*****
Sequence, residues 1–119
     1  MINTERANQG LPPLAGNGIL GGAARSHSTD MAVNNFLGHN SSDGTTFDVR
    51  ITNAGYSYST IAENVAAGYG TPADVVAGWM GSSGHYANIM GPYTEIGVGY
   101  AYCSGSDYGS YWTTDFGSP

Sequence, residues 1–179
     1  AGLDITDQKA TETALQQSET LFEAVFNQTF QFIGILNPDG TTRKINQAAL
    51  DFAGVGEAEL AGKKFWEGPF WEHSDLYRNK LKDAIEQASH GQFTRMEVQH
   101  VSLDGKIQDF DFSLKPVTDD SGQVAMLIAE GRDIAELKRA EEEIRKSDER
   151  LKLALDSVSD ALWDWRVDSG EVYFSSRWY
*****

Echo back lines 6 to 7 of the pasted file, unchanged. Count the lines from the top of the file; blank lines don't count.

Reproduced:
     1  AGLDITDQKA TETALQQSET LFEAVFNQTF QFIGILNPDG TTRKINQAAL
    51  DFAGVGEAEL AGKKFWEGPF WEHSDLYRNK LKDAIEQASH GQFTRMEVQH